It’s all a bit ho-hum, standing at the carousel, waiting for the bag to arrive – especially when you’ve just spent 3 days on an almost out of control carousel spinning in Jeff’s Shed. Before the ACEC conference, I had written two blog posts and barely 100 tweets. Suddenly being possessed to tot up nearly 300 tweets and two blogs during the conference seems to have grabbed me, like a water slide and thrown me into a whole new pool. But, as I find myself surrounded by the humdrum of a Blue Mountains train carriage, I am seized with the question – what did it all mean?
As I attended the keynotes and many of the workshops and presentations, it was immediately apparent that here was a tribe of the idealists with the beliefs and passions I have encountered at the infrequent ICT inservice days, forums and displays over the past few years. The passion and frustration possessed by many in this field was neatly summarised by Gary Stager – a man driven by the belief that children are all possessed by a desire to create and that technology can help to foster that desire; a man who despairs at the realpolitik and conservatism that creates the boundaries within and without education. This is a man who would cause Andrew Bolt and Miranda Devine to go into a lambasting frenzy about “politically correct baby boomers spouting educational jargon to their fellow travellers, ignoring the need for a back to basics education.” I can see the reason for his passion and his lashing of the National Curriculum, telling the crowd that we need to stop it. I did think then and I do think now, though, it’s easy to decry where we are and where we haven’t been, but where do we go from here?
Possible ways forward (as opposed to “going forward”) was the stuff of the rest of the conference. The best sessions, I believe, were the ones that articulated a vision of using ICT that incorporated an understanding of the limitations inherent in education systems and showing ways to either work within the limitations or how to take school executives and systems with them into rethinking current systems. It was intriguing to see two Christian Parent Controlled schools with driven, innovative technology co-ordinators encouraging their executives and school boards to allow Facebook and other Web 2.0 tools to enter their school domain, ones banned in the larger systems. I don’t know if that kind of attitude pervades all of the Christian school sector, it would be interesting if it does do that in the future – especially in the type of schools that ban Harry Potter from their libraries. It is difficult, however, to see that larger school systems will adopt these approaches to social networking and online video sites. This is not necessarily because educators will oppose such moves – I can see the public, driven by public “opinion makers” in the media – doing that kind of job.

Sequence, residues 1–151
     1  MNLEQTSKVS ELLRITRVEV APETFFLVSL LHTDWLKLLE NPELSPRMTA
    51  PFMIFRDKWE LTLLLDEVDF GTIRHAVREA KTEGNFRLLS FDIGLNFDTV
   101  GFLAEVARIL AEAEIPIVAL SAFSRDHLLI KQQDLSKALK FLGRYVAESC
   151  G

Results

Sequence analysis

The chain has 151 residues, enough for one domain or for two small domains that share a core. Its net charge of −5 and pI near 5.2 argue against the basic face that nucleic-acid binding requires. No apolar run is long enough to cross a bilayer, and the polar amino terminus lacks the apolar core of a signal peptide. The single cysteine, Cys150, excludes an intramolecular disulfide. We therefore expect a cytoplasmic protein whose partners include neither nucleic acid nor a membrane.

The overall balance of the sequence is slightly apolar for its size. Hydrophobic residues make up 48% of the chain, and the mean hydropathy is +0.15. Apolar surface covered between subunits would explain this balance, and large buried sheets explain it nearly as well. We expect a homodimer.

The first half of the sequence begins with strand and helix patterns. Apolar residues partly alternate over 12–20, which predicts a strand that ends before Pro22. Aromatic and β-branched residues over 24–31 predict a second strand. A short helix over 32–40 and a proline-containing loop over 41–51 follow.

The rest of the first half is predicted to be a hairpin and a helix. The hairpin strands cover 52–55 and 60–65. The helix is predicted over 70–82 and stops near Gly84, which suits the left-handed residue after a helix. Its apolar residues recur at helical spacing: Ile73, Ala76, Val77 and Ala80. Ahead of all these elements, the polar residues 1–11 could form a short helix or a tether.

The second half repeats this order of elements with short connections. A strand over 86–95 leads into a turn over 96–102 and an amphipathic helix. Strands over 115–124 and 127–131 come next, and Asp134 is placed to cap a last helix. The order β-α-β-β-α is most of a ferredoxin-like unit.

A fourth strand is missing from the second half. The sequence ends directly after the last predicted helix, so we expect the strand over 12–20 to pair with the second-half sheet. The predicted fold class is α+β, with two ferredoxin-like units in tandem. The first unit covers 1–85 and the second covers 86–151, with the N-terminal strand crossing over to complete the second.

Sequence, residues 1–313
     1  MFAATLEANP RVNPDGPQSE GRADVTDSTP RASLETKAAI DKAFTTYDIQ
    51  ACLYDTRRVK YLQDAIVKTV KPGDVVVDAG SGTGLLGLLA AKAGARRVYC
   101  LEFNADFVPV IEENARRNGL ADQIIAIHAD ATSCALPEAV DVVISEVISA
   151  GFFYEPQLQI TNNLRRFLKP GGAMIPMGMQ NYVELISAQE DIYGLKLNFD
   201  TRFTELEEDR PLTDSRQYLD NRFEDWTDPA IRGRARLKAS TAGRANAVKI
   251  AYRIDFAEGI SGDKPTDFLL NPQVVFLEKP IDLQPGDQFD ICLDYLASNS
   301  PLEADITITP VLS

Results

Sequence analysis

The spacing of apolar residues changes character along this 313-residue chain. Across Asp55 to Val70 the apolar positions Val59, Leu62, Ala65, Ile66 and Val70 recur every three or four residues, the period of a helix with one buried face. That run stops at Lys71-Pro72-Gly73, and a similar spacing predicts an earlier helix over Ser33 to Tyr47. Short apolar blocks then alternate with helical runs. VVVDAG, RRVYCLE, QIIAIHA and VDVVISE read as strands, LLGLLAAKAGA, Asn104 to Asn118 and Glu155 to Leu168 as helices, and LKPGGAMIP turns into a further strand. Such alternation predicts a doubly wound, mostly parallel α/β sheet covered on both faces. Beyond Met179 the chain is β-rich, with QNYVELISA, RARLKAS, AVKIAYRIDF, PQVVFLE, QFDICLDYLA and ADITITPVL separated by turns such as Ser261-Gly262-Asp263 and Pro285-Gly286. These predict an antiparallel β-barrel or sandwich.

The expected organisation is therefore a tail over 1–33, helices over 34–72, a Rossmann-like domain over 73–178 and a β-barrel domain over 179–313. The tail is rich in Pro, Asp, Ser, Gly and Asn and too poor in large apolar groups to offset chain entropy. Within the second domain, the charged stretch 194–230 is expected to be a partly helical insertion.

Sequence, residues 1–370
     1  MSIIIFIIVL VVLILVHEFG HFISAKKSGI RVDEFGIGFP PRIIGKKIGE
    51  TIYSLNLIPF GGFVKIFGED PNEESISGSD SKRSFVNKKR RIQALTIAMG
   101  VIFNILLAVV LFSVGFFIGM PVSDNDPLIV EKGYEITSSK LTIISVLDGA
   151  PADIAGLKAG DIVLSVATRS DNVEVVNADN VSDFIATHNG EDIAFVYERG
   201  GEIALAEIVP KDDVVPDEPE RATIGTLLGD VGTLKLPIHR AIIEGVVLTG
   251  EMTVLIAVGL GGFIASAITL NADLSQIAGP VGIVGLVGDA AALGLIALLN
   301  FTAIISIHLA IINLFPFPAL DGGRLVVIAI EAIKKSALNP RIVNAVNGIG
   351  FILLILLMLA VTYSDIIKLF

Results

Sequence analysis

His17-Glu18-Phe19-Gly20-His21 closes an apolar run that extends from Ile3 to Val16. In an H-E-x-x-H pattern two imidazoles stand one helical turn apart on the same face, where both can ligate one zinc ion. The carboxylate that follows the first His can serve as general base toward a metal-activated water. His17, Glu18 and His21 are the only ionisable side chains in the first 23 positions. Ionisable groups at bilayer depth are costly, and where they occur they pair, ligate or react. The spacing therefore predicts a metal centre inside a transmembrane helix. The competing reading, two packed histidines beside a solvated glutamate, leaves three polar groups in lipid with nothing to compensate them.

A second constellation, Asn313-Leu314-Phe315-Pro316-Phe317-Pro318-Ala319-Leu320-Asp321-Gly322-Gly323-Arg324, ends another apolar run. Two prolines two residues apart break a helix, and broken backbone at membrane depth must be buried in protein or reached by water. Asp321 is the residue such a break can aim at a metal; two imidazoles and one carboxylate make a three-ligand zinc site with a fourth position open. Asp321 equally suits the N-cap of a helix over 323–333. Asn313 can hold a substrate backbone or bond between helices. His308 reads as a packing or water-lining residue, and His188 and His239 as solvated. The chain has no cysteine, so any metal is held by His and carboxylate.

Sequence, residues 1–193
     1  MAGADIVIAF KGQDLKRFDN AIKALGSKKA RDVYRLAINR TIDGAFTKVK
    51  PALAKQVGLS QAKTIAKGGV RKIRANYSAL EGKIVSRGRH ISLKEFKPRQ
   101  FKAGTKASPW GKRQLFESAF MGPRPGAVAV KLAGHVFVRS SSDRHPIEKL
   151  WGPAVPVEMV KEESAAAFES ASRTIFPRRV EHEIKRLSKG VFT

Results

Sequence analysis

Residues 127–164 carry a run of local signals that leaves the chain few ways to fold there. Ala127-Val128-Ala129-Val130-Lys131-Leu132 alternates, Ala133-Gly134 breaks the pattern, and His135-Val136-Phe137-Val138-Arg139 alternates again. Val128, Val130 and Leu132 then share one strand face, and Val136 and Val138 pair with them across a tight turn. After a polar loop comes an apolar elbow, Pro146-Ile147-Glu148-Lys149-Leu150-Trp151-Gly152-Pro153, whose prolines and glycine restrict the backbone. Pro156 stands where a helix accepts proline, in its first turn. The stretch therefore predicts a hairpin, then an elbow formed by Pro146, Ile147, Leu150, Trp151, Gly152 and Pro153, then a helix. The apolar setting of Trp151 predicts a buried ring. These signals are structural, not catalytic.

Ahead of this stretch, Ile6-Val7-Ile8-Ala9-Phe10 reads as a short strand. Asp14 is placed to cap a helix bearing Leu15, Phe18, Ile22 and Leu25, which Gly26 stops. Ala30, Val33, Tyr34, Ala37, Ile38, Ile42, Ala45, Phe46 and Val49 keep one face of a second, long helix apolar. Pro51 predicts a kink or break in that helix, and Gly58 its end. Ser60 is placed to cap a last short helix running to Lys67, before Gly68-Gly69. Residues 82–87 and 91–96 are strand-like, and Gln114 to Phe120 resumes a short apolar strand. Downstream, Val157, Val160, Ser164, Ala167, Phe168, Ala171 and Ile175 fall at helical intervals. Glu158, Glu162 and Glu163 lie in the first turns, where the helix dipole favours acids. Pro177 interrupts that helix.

Alan November articulated a vision that can be seen as possible in our systems – the idea that students can be trained as peer educators. It is true that students do learn from each other and will be more prepared to ask their peers questions they would not dare ask their teacher. That is because the brighter peers can articulate what has been said in a lesson in the language that can be better understood by the peer asking the question. I have experienced this as a teacher of Advanced English in NSW – one of my most successful students in past years made a point of peppering me with questions but also peppering one of the top performing students in the class with questions. The role of Web 2.0 tools in this kind of peer education is obvious. Facebook, Twitter and MSN are frequently used by students outside school hours, discussing what is needed to be done in assessment tasks. If only those conversations could happen when the students outside assessment creation periods, we’d be laughing. An extension to this idea would be the creation of podcasts by certain groups of students that explain key concepts in a course to the others.
There are inherent problems with this approach, however. It assumed that there are student/s that can understand the complexity of material dealt with in a course who would be able to explain concepts to the others. I have experienced many top performing students who can’t explain their ideas to others in a readily digestible fashion. They just know. I was a student a bit like that at high school, so I understand their position. It also assumes that these top students have the time and desire to become a second teacher. It can be a big ask for students to spend time helping others when they have such big demands on their mental and physical time and energy. The peer teaching model depends on the volunteering good spirit of students – I think it would unfair to ask or set up “systems” that require students to participate. I know I am talking here about an institutionalised approach to what is, essentially, an idealistic expression by November.